[Sri Aurobindo wrote the following note to Amal Kiran in September 1949, but how relevant it is to the present situation in Kashmir in 2017! I draw the attention of the reader to four points which I frame in my own words for the sake of brevity: (1) Not all Muslims are fanatics, so look for their support in a secular state. (2) Do not trust Pakistan. (3) Do not suggest a coalition “between the loyalists and the rebels in Kashmir”, for the rebels will only subvert the administration. (4) Do not give up Kashmir because of military weakness, for it will only encourage Pakistan to establish Muslim rule in North India.]
Sunday, 21 May 2017
Sunday, 2 April 2017
Quote from the above article followed by my comment:
“Indigenisation would require confronting the self as much as confronting the other. The insidious claim in the call to indigenisation is this: What counts as Indian? Who gets to set these terms? What about western ideas? What about Islam? Will we recognise, as Aurobindo did, “However much we may deplore some of the characteristics of that intervening period which were dominated by the western standpoint or move away from that standpoint back to our own characteristic way of seeing existence, we cannot get rid of a certain element of inevitable change it has produced upon us, any more than a man can go back in life to what he was some years ago?” Will we recognise as Aurobindo did, that Islam nourished India and was nourished by it? Or will the choice of indigenous be determined by Golwalkar who said non-Hindu peoples must “stay in the country wholly subordinated to the Hindu nation”? A genuine indigenisation would require embracing all of India; not parts of it. So, bring on the indigenisation that embraces all, the Western and the Islamic, the Aghoris and the Tantriks, the Marxists and the Liberals, as Indian.”
The quote from Sri Aurobindo is from his book The Renaissance of India (CWSA, Vol. 20, p 51). The context of it is whether India can or should go back to its culture as it was before the Mahomedan and British conquest. Sri Aurobindo says that we cannot go back to our great past, but we “can go forward to a large repossession of ourselves in which we shall make a better, more living, more real, more self-possessed use of the intervening experience”. This can hardly mean that Islam has “nourished India”! It could as well mean that the problems of building a nation have multiplied instead of diminishing with the coming of Islam into India. If Islam had really “nourished India”, then there would have been no problems at all in unifying the Indian nation.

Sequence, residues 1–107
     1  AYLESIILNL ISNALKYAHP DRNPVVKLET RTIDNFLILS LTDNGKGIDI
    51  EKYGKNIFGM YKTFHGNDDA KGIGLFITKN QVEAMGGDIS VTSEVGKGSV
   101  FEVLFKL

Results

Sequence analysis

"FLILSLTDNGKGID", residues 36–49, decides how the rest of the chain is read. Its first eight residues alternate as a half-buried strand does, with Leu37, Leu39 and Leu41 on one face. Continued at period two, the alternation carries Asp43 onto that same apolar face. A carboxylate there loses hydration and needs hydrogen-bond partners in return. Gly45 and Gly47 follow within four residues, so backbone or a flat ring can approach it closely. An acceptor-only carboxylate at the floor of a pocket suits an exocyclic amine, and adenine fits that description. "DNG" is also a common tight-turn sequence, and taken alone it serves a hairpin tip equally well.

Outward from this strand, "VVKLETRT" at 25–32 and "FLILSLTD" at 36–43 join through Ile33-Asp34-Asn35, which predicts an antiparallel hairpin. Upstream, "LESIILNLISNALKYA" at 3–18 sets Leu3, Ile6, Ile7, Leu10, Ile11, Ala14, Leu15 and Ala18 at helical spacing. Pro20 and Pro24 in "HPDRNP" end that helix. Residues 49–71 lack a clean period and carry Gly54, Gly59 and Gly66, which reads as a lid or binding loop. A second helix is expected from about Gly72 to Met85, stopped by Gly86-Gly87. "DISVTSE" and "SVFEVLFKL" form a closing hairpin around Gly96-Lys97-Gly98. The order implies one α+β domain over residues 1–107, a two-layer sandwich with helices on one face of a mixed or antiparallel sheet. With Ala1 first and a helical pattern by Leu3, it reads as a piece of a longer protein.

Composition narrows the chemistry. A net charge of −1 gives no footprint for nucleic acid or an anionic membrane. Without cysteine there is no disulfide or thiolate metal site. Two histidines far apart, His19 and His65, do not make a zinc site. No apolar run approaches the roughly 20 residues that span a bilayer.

Saturday, 4 March 2017
(With specific reference to The Clasp of Civilisations (2015) by Richard Hartz, published by Nalanda International, and Nationalism, Religion, and Beyond (2005), a compilation of Sri Aurobindo’s writings on Politics, Society and Culture, edited by Peter Heehs.)
I was rather disappointed after reading The Clasp of Civilisations by Richard Hartz because I expected from him a better understanding of Hinduism than most Western scholars. The book starts off well with a sense of universality in spiritual matters which justifies the title, but gets caught halfway through with the usual antipathy towards Hinduism that is so common among secular scholars of India. The chapter on Vivekananda’s famous address in the Parliament of Religions held in Chicago in September 1893 is indeed well-written and the circumstances of the historic event depicted in a most interesting manner with an undercurrent of humour. But the chapter on Hinduism titled “Untold Potentialities: Jawaharlal Nehru, Sri Aurobindo and the Idea of India”, in which Nehru is elevated into a spiritual figure and Sri Aurobindo converted into a secular icon, shows the fundamental flaws of Richard’s scholarship. One immediately gets the impression of encountering one more Hinduphobic armchair scholar, who meticulously builds his arguments on the works of other Hinduphobic scholars who also have never empathised with Indian culture. Ironically, Richard Hartz has studied the Vedas and is an expert in Sanskrit, but this only shows that mere scholarship does not open the gates of spiritual comprehension. After all, Peter Heehs, his colleague, did the same, wasting forty years of research on Sri Aurobindo and producing such a hostile biography that the disciples of Sri Aurobindo had to go to the Court to take him to task. But let us come back to Richard Hartz who could have easily come to his own conclusions instead of following the path of Peter Heehs with regard to Hinduism, or what is in fact the path of leftist secular scholars of India and abroad which Peter Heehs himself follows faithfully for the sake of his academic career. After all, for him academic success is more important than stating the fundamental truth of Hinduism!